AMERICUS, GA (WALB) - It has been eight years since a south Georgia was hit with a deadly three day tornado outbreak.
Americus was one of the hardest hit areas were lives were lost and damage was extensive.
Today, there are signs left of that unforgettable night thanks to a community that pulled together and aid from around the country.
That EF-3 tornado ripped through Sumter Regional Hospital completely destroying the facility on March 1, 2007.
Southwest Georgia had been placed in a high risk area meaning a tornado outbreak was likely.
“I heard that siren sound. My phone went out. I was on my cell phone and it came straight through my bedroom window.” said storm victim Tamika Blanks.
“It did sound like a roaring freight train or jet going by." said Sumter Disaster Recover Executive Director Jody Wade.
Lives were lost with extensive damage around the city. Americus was described as a war zone.
Following 18 months of recovery and 8 years later, only a few spots are a reminder of the devastating historical event.
Thanks to Sumter Disaster Recovery, a non-profit group 75 homes were saved.
“People that came to volunteer, help, to give money, they wanted to know and be effective when they got here and they really appreciated the organization being there.” said Wade.
No one could be more grateful than Tamika Blanks. A fallen tree demolished the roof on her new home as she and her son took shelter in the bathroom. She was ready to give up.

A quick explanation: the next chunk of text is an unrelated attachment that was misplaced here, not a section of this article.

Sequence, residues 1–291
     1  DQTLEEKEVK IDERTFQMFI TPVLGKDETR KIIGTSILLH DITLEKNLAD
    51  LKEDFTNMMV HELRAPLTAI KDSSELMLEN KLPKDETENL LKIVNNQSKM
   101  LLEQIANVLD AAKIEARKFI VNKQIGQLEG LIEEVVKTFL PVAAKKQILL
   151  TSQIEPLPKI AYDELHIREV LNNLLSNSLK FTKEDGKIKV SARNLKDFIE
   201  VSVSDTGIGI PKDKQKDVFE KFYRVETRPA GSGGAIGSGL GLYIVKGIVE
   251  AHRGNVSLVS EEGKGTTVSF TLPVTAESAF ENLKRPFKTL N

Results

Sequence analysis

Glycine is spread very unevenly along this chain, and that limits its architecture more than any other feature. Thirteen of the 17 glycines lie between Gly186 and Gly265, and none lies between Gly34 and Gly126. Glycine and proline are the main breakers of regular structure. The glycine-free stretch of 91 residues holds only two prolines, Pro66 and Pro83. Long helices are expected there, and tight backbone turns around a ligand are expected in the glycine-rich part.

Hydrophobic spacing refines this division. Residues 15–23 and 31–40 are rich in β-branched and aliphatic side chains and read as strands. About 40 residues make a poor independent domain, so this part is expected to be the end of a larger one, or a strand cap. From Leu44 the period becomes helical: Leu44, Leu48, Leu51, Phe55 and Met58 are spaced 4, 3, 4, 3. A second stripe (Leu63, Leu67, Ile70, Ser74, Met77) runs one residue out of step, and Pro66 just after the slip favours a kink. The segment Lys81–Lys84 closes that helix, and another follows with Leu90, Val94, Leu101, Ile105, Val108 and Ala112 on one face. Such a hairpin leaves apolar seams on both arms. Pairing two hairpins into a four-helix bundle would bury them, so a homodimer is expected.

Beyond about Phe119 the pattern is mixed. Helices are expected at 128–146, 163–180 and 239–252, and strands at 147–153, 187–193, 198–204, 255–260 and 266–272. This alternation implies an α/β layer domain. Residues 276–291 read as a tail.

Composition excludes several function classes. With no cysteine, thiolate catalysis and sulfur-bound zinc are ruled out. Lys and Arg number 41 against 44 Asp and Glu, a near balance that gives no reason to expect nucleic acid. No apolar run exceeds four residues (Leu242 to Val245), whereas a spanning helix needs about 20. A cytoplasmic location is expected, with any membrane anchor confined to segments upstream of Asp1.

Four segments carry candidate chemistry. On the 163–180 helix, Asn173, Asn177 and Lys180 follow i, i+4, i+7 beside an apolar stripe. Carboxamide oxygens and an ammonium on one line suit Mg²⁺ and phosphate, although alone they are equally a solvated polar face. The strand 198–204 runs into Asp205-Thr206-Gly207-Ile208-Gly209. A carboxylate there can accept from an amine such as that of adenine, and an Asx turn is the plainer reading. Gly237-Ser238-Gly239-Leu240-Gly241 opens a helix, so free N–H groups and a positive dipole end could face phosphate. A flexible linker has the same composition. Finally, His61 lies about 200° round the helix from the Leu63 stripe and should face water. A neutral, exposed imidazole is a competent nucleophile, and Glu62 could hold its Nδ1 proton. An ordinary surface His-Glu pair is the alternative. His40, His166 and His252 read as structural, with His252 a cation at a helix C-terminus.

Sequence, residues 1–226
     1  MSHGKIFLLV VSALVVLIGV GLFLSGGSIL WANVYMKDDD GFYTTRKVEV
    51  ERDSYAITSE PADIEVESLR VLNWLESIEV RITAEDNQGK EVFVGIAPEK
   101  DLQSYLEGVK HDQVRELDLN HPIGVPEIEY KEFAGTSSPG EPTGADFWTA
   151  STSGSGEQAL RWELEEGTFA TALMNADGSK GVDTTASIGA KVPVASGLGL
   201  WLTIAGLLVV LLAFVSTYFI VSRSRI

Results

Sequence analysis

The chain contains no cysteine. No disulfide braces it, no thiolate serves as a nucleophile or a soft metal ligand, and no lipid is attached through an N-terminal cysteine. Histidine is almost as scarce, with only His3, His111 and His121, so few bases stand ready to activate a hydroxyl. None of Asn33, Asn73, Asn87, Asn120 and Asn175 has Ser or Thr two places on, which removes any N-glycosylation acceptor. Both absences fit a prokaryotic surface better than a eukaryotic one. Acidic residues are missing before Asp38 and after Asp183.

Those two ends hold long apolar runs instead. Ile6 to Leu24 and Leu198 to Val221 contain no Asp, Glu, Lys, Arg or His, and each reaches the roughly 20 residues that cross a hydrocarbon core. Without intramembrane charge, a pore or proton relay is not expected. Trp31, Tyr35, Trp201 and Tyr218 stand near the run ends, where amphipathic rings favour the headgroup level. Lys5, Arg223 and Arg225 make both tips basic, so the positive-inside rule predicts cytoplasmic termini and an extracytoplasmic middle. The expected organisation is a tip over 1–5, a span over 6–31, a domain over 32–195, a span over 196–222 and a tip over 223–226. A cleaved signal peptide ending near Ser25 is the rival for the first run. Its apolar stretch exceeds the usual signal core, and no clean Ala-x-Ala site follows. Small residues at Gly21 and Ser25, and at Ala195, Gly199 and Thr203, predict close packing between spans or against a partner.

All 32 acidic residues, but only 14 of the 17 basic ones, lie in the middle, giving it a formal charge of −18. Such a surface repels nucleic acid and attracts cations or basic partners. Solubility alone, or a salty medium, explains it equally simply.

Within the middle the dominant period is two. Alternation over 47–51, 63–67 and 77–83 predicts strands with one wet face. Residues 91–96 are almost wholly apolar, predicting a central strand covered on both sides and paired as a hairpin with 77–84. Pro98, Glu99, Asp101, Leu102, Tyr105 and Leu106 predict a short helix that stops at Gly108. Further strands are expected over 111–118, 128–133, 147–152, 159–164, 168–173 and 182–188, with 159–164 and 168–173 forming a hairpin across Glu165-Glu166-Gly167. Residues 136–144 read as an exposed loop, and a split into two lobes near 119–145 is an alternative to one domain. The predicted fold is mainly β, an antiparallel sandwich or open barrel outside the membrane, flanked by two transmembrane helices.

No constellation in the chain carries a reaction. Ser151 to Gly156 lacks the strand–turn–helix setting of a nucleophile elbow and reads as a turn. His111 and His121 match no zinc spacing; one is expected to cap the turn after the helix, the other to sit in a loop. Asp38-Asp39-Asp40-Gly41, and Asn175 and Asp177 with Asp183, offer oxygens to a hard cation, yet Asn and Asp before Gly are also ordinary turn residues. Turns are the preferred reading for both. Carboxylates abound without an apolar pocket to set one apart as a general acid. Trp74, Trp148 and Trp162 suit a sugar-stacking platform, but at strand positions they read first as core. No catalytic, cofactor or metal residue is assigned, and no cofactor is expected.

“I was going to sell the house. I was going to let it all go. Just get an apartment forget it all. So I was able to get on the grant with FEMA in order to get my house on the program here in Americus to get my house rebuilt.” said Blanks.
In this quiet Americus neighborhood, not all tornado victims rebuilt. Blanks says those that did are closer and there's a neighborhood watch. Unlike before she now has a safety plan that includes a NOAA Weather Radio.
“Yes I do. That's when I got one right after the tornado.” said Blanks.
As for the rest of Sumter County, tornado sirens are in place and tested weekly.
That frightful March night may be a distant memory, but Wade says many lessons were learned, including one that really hit home.
“How a community can come together. It's a shame it takes things like this to make people pull together. I guess it's a way of calling folks to do what they're suppose to do in loving their neighbor and take care of their neighbor.” said Wade.